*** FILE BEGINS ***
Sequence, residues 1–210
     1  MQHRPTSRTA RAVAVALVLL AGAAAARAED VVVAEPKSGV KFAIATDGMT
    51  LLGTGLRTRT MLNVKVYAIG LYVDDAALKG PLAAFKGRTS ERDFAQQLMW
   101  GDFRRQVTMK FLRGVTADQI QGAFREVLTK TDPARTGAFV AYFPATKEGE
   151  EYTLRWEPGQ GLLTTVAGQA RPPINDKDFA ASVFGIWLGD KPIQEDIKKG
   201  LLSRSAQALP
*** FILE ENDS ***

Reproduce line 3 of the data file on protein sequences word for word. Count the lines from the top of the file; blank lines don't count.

    51  LLGTGLRTRT MLNVKVYAIG LYVDDAALKG PLAAFKGRTS ERDFAQQLMW